💋 KISS principle (or Keep It Simple, Stupid) is a design principal which states that most systems work best if they are kept simple rather than made overly complicated. KISS is used in a variety of disciplines, such as interface design, product design, and software development.
This principle is thought to have been coined by the late Kelly Johnson, who was the lead engineer at the Lockheed Skunk Works (a place responsible for the S-71 Blackbird spy plane amongst many other notable achievements).
Kelly explained the idea to others with a simple story. He told the designers at Lockheed that whatever they made had to be something that could be repaired by a man in a field with some basic mechanic's training and simple tools. The theater of war (for which Lockheed’s products were designed) would not allow for more than that. If their products weren't simple and easy to understand – they would quickly become obsolete in combat conditions and thus worthless.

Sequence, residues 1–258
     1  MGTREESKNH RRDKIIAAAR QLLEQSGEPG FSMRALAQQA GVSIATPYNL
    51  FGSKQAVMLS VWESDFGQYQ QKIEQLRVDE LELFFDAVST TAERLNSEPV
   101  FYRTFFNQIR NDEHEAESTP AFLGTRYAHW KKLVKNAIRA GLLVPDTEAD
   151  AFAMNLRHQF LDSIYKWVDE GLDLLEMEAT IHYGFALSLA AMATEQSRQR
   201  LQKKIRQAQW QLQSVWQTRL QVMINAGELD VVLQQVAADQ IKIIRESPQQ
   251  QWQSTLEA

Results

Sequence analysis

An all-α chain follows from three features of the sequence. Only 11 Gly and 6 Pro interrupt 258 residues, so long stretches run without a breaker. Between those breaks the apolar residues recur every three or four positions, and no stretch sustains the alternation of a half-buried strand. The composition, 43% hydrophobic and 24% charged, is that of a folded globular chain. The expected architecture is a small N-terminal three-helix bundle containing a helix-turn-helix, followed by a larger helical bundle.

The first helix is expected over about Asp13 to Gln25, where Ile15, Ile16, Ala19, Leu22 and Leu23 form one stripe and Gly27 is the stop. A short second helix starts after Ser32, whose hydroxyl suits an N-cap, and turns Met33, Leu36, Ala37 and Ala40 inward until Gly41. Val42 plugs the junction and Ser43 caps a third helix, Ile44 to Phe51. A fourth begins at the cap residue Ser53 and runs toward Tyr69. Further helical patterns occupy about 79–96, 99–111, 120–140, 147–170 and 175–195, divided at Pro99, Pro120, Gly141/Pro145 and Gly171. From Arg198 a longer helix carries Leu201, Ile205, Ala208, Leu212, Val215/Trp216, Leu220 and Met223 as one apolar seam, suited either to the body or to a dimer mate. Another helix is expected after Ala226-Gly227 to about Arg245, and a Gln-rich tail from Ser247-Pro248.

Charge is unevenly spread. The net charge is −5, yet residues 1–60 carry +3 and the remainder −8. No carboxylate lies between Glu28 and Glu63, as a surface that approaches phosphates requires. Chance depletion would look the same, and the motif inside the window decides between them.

- Less code takes less time to write, minimizes the amount of bugs, and is easier to modify and maintain.
- The more complex something is, the more ways there are for it to fail, and the more difficult it is to explain to someone else who needs to understand it.
- Perfection is reached not when there is nothing left to add, but when there is nothing left to take away.
- Keep it short and simple
- Keep it simple and straightforward
- Not to make things so simple that they compromise the functionality of the final design.
- Users will live with a little complexity if it enhances their overall experience.
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